Interrogational torture

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Two United States soldiers and one South Vietnamese soldier waterboard a captured North Vietnamese prisoner of war near Da Nang, 1968.

Interrogational torture is the use of torture to obtain information in interrogation, as opposed to the use of torture to force a person to make a confession regardless of whether it is true or false. Torture has been used throughout history during interrogation, although it is now illegal and a violation of international law. Although there is limited information as to whether interrogational torture is ever an effective interrogation method, it frequently generates false or misleading information and can impair subsequent information collection.

Investigation of effectiveness[edit]

Governments that have used torture for interrogation on a large scale have not disclosed systematic information on how their torture programs were carried out, hampering efforts to investigate their effectiveness by those who lack access to classified information.[1] Young and Kearns state that "Experiments on whether or not torture is effective are extremely challenging to implement in a safe yet realistic way."[2] Ethical research studies require the informed consent of participants, making it impossible to experiment with nonconsensual torture.[3] In his book Why Torture Doesn’t Work: The Neuroscience of Interrogation, neuroscientist Shane O'Mara argues that coercive interrogation and torture damage the areas of the brain that recall information.[4] Although the CIA has argued that torture for information is a science, O'Mara argues that it is in fact pseudoscience.[5]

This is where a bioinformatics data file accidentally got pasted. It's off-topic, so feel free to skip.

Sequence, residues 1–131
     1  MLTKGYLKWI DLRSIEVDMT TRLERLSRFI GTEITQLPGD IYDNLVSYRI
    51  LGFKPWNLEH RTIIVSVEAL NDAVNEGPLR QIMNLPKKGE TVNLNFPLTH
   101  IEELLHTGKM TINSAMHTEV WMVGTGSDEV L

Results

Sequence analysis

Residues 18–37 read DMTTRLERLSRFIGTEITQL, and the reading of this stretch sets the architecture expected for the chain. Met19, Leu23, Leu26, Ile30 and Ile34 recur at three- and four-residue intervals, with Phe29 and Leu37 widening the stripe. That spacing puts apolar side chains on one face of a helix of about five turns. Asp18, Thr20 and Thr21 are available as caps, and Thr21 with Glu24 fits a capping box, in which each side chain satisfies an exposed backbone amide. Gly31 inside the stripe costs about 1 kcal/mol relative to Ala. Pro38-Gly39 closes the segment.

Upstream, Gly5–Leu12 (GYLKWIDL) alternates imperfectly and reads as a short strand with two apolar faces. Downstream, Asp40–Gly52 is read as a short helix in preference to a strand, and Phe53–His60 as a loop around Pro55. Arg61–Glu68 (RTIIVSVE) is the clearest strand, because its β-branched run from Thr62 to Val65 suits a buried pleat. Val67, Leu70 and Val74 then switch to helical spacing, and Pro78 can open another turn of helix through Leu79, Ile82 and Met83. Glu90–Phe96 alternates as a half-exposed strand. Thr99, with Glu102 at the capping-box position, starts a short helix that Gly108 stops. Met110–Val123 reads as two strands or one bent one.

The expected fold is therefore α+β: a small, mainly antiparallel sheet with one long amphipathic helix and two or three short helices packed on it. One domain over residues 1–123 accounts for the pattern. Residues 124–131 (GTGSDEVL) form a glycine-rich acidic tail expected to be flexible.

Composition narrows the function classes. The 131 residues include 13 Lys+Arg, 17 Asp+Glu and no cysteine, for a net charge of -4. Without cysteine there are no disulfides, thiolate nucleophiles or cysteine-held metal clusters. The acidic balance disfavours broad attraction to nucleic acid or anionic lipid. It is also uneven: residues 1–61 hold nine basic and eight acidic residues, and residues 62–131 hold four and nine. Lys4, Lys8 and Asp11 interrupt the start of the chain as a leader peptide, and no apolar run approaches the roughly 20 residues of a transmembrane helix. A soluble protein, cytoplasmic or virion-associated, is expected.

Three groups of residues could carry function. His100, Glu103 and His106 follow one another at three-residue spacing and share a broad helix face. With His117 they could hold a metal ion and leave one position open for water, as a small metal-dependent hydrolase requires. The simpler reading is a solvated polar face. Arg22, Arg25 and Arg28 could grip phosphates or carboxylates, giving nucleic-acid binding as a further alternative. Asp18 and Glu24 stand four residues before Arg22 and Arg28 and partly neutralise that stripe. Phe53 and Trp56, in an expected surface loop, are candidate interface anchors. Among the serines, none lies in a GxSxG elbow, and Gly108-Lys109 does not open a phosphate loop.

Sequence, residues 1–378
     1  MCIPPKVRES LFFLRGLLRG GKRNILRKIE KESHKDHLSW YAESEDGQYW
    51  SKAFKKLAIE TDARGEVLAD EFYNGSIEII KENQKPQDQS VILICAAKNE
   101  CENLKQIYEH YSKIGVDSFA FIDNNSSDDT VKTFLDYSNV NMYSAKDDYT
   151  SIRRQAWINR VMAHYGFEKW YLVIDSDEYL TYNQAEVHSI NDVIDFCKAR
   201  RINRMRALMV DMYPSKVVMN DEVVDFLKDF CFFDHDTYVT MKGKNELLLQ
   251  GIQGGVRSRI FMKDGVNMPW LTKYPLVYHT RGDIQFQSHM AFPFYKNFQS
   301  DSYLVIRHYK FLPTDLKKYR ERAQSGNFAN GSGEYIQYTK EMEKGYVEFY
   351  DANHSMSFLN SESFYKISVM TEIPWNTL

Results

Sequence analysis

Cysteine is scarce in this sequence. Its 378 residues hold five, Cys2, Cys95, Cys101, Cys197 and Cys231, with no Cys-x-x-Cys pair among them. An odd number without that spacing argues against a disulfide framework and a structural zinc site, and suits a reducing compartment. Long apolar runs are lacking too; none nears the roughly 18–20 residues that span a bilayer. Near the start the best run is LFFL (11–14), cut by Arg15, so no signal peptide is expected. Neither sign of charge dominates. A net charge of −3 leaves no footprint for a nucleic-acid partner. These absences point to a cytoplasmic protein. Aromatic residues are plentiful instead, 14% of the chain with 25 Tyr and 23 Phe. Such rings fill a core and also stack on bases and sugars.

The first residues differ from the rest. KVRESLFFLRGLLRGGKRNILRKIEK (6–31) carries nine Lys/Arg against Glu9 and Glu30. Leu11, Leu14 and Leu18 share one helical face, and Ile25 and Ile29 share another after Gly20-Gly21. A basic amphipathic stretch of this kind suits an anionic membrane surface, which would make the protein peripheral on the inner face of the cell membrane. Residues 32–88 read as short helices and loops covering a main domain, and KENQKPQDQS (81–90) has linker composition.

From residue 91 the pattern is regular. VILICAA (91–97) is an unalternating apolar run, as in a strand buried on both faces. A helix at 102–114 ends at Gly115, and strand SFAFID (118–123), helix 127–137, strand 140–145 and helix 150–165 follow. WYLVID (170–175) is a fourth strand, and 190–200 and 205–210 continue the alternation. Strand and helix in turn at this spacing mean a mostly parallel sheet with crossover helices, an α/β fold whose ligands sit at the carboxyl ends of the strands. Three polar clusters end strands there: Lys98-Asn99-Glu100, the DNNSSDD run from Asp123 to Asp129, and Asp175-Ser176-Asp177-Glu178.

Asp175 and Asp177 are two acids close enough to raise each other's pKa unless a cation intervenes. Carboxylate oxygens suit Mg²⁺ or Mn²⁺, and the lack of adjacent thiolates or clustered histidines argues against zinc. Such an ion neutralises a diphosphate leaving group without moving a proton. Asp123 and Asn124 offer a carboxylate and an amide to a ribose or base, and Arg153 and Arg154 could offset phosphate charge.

The checkability of confessions remains an important issue for the effectiveness of torture, since both the interrogator and the subject know that a checkable confession is more likely to be true.[6] Many torture survivors report revealing false or incomplete information since their goal was to satisfy the torturer and end the suffering, not to reveal information.[7]

In 2007, evaluating the available scientific evidence on the effectiveness of torture, Darius Rejali concludes: "In short, organized torture yields poor information, sweeps up many innocents, degrades organizational capabilities, and destroys interrogators. Limited time during battle or emergency intensifies all these problems."[8] Rejali acknowledges that it is possible that torture may yield useful information in some cases, but in general "torture is the clumsiest method available to organizations".[8] According to a 2017 article in Journal of Strategic Studies, "scientific evidence, expert testimony, and the historical record show that coercive interrogation is not effective in eliciting reliable information from prisoners".[9] A 2017 review in Psychological Perspectives on Interrogation asserts that "Psychological theory and research shows that harsh interrogation methods are ineffective."[10]

Other scholars argue that we do not know enough about contemporary torture to conclude much about its efficacy. In the U.S. case, we don’t have enough information about how many detainees were tortured, how or how often, and how the information they provided differed from information provided by detainees who were not tortured. [11] Moreover, Americans find the claim that "torture doesn't work" to be unpersuasive: they believe that torture is quick and effective. In contrast, Americans find the claim that torture is cruel to be a far more persuasive argument against torture.[12]